Selinus was once one of the most important Greek colonies in Sicily. In 409 B.C., the Carthaginians attacked with a vast army believed to include at least 100,000 men. Selinus, with a population of about 30,000 excluding slaves, was unprepared and an auxiliary force promised by Syracuse, Agrigentum and Gela did not arrive. The Selinuntines defended themselves with courage, and after the walls were breached, continued to fight from house to house. After tens days the city fell. Of the citizens, 16,000 were slain and 5,000 made prisoners, but more than 2,600 escaped to Agrigento.GI83626. Cast bronze cast trias, Calciati I p. 233, 2; SNG Morcom 666; HGC 2 1231 (R1); BMC Sicily -; SNG Cop -; SNG ANS -; SNG München -; SNG Tüb -, aF, green patina, weight 14.308 g, maximum diameter 22.0 mm, die axis 0o, Selinus mint, 450 - 440 B.C.; obverse facing head of Medusa (gorgoneion); with teeth displayed, four pellets (mark of value) in hair, anepigraphic; reverse facing head of Medusa (gorgoneion), with protruding tongue; four pellets (mark of value) in hair, anepigraphic; ex CNG e-auction 285 (22 Aug 2012), lot 14; ex L.C. Aes Grave Collection; rare; $100.00 (€88.00)
Neapolis, Macedonia, c. 525 - 480 B.C.
Neapolis, Macedonia (Kavala, Greece today), was founded by settlers from Thasos near the end of the 7th century B.C., to exploit the rich gold and silver mines of the area. At the end of the 6th century B.C. Neapolis ("new city" in Greek) claimed its independence from Thasos and struck its own silver coins with the head of Gorgon. A member of the Athenian League, Neapolis was besieged by the allied armies of the Spartans and the Thasians in 411 B.C., during the Peloponnesian War, but remained faithful to Athens. The Apostle Paul landed at Neapolis on his second and third missionary journeys.GA89340. Silver obol, SNG ANS 424; Rosen 106; Klein 155; BMC Macedonia p. 84, 13; HGC 3 585; SNG Cop -, VF, rough, scratches, etched, lamination defects, weight 1.090 g, maximum diameter 9.2 mm, Macedonia, Neapolis mint, c. 525 - 480 B.C.; obverse facing head of Medusa (gorgoneion); reverse rough incuse; $90.00 (€79.20)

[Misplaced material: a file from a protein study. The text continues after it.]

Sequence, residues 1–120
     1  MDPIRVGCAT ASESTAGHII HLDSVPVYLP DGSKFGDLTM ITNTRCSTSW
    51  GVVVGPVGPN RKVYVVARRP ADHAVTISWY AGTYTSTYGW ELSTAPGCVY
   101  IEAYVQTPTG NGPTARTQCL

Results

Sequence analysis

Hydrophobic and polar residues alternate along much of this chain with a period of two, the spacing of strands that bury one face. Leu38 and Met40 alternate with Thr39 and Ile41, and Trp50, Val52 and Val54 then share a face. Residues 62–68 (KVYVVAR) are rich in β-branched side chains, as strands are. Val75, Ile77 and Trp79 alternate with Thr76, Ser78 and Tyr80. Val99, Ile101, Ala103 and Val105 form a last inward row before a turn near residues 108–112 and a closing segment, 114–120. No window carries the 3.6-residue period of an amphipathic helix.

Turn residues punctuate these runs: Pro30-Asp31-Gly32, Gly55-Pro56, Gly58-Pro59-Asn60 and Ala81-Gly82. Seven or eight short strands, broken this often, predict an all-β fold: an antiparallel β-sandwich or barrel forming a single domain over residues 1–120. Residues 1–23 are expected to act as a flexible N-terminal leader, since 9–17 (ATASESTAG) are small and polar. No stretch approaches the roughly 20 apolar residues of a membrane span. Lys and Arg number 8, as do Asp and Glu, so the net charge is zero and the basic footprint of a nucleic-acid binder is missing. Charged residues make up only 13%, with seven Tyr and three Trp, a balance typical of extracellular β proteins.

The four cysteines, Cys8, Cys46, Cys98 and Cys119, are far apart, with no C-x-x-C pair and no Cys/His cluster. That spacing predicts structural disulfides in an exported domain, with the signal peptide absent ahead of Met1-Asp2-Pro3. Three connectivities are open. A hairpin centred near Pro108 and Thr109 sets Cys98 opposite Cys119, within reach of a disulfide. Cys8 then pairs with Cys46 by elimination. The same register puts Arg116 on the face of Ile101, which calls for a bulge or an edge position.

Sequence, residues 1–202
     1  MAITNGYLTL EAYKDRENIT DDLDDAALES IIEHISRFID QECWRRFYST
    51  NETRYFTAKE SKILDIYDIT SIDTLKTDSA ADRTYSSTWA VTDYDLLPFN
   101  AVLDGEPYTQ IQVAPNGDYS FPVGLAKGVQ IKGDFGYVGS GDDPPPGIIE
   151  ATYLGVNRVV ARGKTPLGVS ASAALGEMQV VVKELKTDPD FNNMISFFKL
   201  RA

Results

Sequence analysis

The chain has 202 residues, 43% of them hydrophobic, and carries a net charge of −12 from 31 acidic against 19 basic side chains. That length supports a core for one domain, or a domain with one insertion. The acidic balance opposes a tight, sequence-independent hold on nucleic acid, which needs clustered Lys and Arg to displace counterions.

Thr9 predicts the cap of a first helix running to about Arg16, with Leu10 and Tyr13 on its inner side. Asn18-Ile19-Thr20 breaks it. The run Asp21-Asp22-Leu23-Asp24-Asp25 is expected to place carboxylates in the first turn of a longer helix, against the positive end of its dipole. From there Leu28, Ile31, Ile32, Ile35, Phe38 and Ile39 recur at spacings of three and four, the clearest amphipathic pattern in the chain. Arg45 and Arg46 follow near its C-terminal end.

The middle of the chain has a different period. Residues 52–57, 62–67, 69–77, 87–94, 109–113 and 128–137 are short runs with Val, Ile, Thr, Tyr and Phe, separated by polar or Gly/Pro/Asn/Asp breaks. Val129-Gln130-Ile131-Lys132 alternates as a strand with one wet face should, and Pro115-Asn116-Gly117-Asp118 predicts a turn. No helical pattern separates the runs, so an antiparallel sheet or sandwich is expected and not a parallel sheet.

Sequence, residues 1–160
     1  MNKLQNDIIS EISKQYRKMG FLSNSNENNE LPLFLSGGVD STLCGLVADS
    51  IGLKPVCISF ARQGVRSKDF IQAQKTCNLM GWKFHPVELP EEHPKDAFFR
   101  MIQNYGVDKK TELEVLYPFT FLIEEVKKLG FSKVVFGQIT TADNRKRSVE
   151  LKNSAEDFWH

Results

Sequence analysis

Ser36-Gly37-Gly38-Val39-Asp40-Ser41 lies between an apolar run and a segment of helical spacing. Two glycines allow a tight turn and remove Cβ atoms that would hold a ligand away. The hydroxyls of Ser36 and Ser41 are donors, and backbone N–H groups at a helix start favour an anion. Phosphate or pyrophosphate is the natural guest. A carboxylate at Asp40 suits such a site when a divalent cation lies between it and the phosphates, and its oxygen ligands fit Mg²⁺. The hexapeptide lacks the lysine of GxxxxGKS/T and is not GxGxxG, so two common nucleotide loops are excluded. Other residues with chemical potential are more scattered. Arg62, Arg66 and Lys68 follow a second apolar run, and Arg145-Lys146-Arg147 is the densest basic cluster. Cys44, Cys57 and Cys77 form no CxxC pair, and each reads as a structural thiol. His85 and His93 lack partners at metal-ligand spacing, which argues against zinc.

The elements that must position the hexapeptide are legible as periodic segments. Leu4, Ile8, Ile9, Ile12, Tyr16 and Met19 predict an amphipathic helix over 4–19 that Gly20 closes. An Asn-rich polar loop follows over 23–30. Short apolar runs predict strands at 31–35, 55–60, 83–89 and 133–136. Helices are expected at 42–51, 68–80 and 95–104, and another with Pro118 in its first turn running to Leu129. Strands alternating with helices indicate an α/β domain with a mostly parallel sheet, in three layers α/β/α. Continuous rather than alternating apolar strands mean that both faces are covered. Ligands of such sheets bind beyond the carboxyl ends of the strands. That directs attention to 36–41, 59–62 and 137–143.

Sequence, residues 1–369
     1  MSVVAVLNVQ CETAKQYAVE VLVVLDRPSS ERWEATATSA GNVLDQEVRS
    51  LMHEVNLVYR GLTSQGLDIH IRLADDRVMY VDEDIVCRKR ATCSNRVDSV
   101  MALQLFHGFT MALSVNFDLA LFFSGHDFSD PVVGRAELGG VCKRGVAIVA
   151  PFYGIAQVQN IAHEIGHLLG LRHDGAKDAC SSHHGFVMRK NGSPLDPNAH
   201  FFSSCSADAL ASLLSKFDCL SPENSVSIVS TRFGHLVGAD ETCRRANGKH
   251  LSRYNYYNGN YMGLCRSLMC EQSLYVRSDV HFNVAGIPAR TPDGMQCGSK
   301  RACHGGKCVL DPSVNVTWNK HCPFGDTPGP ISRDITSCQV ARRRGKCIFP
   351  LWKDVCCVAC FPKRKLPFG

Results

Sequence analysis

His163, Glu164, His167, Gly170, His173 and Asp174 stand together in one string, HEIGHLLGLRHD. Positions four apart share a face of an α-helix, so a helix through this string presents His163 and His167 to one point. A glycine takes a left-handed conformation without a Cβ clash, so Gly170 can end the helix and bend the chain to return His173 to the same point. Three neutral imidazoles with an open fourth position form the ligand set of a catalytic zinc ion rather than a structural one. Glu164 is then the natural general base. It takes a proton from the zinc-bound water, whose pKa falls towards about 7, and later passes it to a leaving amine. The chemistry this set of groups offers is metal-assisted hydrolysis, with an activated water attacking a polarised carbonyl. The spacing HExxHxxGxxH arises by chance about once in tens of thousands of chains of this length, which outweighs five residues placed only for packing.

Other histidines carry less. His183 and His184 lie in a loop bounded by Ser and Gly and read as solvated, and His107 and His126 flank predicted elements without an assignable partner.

Amisos, Pontos, c. 105 - 85 B.C.
Amisos was settled c. 760 - 750 B.C. by people from Miletus, who established a flourishing trade relationship with the ancient peoples of Anatolia. Amisos came under the rule of the Persian Empire, Alexander the Great's Macedonian Empire, and then the Kingdom of Pontus. The Romans took control in 47 B.C. and Amisos remained within the Byzantine Empire after the fall of Rome. In 1200, the city was captured by the Seljuks, to be later taken over by the Ilhanlilar. Amisos today is Samsun, a city of about half a million people on the north coast of Turkey.GB91473. Bronze AE 21, cf. SNG BM 1177 ff.; BMC Pontus p. 19, 69 ff.; HGC 7 242 (various controls), VF, nice patina, tight flan, earthen deposits, weight 7.498 g, maximum diameter 21.0 mm, die axis 0o, Amisos (Samsun, Turkey) mint, c. 105 - 85 B.C.; obverse aegis with facing head of Medusa (gorgoneion) in center; reverse Nike advancing right, holding palm frond across shoulders behind, AMI−ΣOY divided across field, monogram (control) lower right; $80.00 (€70.40)
Sinope, Paphlagonia, c. 105 - 85 B.C.
Long used as a Hittite port, Sinope was re-founded as a Greek colony by Miletus in the 7th century B.C. Sinope flourished as the Black Sea port of a caravan route that led from the upper Euphrates valley. The city escaped Persian domination until the early 4th century B.C. In 183 B.C. it was captured by Pharnaces I and became the capital of the kingdom of Pontus. Lucullus conquered Sinope for Rome in 70 B.C., and Julius Caesar established a Roman colony there, Colonia Julia Felix, in 47 B.C. It remained with the Eastern Roman Empire (Byzantines). It was a part of the Empire of Trebizond from the sacking of Constantinople by the Fourth Crusade in 1204 until the capture of the city by the Seljuk Turks of Rûm in 1214.GB89151. Bronze AE 24, SSNG BM 1536; BMC Pontus p. 100, 47 var. (M); SNG Stancomb 800 var. (ME monogram); SNG Cop 309 var. (monogram); HGC 7 419; SNGvA -, aVF, obverse off center, weight 7.886 g, maximum diameter 24.0 mm, die axis 0o, Sinope (Sinop, Turkey) mint, c. 105 - 85 B.C.; obverse Aegis with facing head of Medusa (gorgoneion) in center; reverse Nike flying right, palm frond over shoulder in both hands, ΣIN−ΩΠHΣ divided across field, monogram lower right; $50.00 (€44.00)
Amisos, Pontos, c. 85 - 65 B.C.
Amisos was settled c. 760 - 750 B.C. by people from Miletus, who established a flourishing trade relationship with the ancient peoples of Anatolia. Amisos came under the rule of the Persian Empire, Alexander the Great's Macedonian Empire, and then the Kingdom of Pontus. The Romans took control in 47 B.C. and Amisos remained within the Byzantine Empire after the fall of Rome. In 1200, the city was captured by the Seljuks, to be later taken over by the Ilhanlilar. Amisos today is Samsun, a city of about half a million people on the north coast of Turkey.GB91908. Bronze AE 20, SNG Cop 167 (no controls); cf. BMC Pontus p. 20, 69 ff.; SNG Stancomb 687 ff.; SNG BM 1177 ff.; Rec Gén I 44; HGC 7 242 (all cf. with controls), aVF, highlighting earthen deposits, weight 8.479 g, maximum diameter 19.8 mm, die axis 0o, Amisos (Samsun, Turkey) mint, c. 85 - 65 B.C.; obverse aegis with facing head of Medusa (gorgoneion) in center; reverse Nike advancing right, holding palm frond in both hands across shoulders behind head, AMI−ΣOY divided across field at center; $50.00 (€44.00)